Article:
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WELCOME TO A PHOTOGRAPHIC JOURNEY THROUGH THE FIELDS, WOODS, AND MARSHES OF NEW ENGLAND

Find more of my photographs and information similar to that which I post in this blog in my award-winning book NATURALLY CURIOUS

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Red and White Baneberry Fruits Maturing

8-16-18 red and white baneberry-1While the flowers of Red (Actaea rubra) and White Baneberry (Actaea pachypoda) are quite similar (the flower head of Red Baneberry is more globular than the elongated head of White Baneberry), their respective fruits, the color of which gave them their common names, quickly distinguish these two species from each other.

White Baneberry produces white fruits commonly called “Doll’s eyes” due to the persistent remains of the flower’s stigma, which leaves a black dot on each fruit.  Red Baneberry’s shiny red berries also have these black dots, though they are not as apparent. All parts of both species are poisonous, with the berries being the most toxic part of the plant.

Seed dispersal is carried out by animals that have enough tolerance to feed on the berries. These animals include various mice, squirrels, chipmunks and voles, as well as a wide variety of birds and White-tailed Deer.

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Young Common Gartersnakes Appearing

8-3-18 garter snake 081Seventy percent of the world’s snakes lay eggs (oviparous). The rest give birth to live young (viviparous). Oviparous snakes tend to live in warmer climates, where the substrate they lay their eggs in is warm enough to incubate the eggs.  (Most egg-laying snakes deposit their eggs and then depart, relying on the substrate to incubate the eggs.)  Viviparous snakes tend to live in cooler regions, where the ground is too cold to provide incubation.

There is a distinction between egg-laying snakes.  The majority of snakes that lay eggs do so outside their body, in a protected area such as a rotting log.  These snakes are known as oviparous. There are also egg-laying snakes that retain their eggs inside their bodies until they’re ready to hatch. These snakes are called ovoviviparous. Ovoviviparous snakes, such as the Common Gartersnake, appear to give birth to live young, but they actually don’t. Unlike viviparous species, there is no placental connection, or transfer of fluids, between mothers and babies, because the developing young snakes feed on the substances contained in their individual eggs. The snakes emerge from the mother when they hatch from their eggs, giving them the appearance of “live” births. The gestation period for oviparous snakes is generally longer than those of ovoviviparous snakes and vary from a few weeks to a few months in length. (Photo: very young Common Gartersnake, Thamnophis sirtalis sirtalis, consuming an earthworm)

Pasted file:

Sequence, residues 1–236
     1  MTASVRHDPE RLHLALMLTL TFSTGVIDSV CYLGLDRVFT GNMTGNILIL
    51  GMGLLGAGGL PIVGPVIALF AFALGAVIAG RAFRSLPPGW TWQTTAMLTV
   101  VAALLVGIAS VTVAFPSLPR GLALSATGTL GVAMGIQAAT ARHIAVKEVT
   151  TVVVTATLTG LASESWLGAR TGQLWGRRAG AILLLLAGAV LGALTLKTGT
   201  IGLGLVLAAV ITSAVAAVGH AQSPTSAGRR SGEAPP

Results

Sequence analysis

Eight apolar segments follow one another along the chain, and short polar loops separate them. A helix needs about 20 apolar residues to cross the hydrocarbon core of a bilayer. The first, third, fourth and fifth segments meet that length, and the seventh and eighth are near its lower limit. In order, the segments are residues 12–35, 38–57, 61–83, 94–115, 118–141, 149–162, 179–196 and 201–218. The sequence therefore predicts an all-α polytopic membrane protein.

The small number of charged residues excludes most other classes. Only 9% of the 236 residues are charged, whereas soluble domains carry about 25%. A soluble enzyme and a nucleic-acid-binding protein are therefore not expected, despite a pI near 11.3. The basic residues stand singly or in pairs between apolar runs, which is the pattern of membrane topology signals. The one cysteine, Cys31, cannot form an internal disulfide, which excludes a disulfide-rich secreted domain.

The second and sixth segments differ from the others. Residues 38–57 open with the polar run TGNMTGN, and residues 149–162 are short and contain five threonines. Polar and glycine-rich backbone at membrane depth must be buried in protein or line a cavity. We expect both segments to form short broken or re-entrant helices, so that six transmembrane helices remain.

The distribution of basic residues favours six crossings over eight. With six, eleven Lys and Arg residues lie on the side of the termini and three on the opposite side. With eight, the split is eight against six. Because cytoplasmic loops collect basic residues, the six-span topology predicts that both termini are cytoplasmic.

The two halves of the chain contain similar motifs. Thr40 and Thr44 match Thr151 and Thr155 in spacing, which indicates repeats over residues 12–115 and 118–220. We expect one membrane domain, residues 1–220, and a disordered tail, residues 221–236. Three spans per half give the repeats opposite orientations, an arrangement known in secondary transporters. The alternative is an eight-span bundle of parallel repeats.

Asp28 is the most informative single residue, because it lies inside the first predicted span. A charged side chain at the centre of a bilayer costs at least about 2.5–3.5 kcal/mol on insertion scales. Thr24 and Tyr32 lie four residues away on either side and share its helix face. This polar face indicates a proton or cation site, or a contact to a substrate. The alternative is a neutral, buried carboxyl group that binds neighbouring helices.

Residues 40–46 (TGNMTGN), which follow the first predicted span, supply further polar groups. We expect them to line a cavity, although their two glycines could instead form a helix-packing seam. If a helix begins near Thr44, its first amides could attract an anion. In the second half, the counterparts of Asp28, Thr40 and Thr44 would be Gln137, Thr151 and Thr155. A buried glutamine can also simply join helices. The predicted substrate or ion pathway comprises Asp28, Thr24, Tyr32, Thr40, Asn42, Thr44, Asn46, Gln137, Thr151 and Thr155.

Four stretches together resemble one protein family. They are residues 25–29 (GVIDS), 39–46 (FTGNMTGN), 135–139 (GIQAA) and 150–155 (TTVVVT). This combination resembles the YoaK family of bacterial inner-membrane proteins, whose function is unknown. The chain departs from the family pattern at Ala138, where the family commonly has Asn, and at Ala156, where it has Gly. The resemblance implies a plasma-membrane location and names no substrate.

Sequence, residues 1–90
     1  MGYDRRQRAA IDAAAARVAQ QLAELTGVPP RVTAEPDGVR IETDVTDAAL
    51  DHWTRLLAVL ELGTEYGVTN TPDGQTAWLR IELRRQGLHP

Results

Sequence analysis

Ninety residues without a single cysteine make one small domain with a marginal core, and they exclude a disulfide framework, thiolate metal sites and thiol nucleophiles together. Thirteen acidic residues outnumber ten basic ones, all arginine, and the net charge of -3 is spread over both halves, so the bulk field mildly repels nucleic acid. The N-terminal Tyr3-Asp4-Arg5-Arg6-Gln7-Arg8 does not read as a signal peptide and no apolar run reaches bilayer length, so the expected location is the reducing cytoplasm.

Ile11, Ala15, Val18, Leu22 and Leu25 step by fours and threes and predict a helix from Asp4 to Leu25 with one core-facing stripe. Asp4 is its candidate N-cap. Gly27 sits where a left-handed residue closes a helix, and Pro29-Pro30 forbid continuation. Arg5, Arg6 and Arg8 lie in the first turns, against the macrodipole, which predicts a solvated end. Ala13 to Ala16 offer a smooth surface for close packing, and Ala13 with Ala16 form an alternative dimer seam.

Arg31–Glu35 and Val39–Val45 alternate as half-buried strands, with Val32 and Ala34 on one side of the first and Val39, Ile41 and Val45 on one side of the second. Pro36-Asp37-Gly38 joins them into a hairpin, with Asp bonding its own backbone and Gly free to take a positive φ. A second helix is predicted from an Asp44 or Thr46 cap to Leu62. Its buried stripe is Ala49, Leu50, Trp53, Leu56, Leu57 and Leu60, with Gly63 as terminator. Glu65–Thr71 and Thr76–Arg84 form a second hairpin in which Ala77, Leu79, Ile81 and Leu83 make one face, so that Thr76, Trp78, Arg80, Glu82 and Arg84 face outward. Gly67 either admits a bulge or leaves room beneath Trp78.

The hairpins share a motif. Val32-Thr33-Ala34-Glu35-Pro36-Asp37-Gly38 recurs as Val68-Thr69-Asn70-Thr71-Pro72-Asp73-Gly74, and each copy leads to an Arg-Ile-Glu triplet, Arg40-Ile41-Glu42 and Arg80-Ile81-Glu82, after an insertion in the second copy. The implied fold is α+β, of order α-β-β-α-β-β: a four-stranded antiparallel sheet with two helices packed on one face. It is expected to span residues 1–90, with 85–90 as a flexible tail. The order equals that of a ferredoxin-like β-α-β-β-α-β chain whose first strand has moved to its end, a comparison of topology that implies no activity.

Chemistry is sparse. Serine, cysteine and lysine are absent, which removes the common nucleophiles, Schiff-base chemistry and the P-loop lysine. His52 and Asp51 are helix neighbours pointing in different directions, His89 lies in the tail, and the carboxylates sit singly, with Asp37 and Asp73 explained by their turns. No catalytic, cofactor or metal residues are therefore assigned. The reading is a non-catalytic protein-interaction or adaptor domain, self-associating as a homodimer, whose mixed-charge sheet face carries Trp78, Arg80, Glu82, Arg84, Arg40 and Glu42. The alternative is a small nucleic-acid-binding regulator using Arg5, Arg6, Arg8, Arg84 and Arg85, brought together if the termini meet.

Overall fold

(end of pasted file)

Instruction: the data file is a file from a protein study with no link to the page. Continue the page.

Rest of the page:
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Young Wolf Spiders Dispersing

8-10-18 wolf spider 076Earlier in the summer, you may have glimpsed a spider carrying its white egg sac around with it, clasping it with the spinnerets at the end of its abdomen.  When the spiderlings hatch they crawl up their mother’s legs onto her abdomen, latch onto special knob-shaped hairs, and ride around with her for several weeks (see inset).  Only wolf spiders carry their egg sacs and offspring in this manner.

After molting, which occurs mid-summer, the young spiders disperse.  Eventually the mother is free to hunt for prey without the encumbrance of hitch-hiking offspring.  If you look closely at the pictured wolf spider, you may be able to make out the last lingering spiderling located at the junction of the wolf spider’s cephalothorax and abdomen.

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Hard-boiled Eggs & Lollipops: American Caesar’s Mushrooms Forming Fruiting Bodies

8-8-18 American Caesar's mushroom_U1A5159

This is not the first Naturally Curious post on American Caesar’s Mushrooms, nor will it probably be the last.  Every August the forest floor is bursting with the beautiful fruiting bodies of these fungi, and I find the urge to photograph them as well as the desire to celebrate their beauty with you irresistible. Pardon the repetition.

American Caesar’s Mushroom (Amanita jacksonii), a member of the Amanita genus found in New England, differs from most Amanita species in at least two ways. It is one of the few edible Amanitas (most species are poisonous, so consumption is discouraged unless an expert identifies the fungus). Secondly, unlike many other Amanita species, American Caesar’s Mushroom does not usually have any warts or patches on its cap.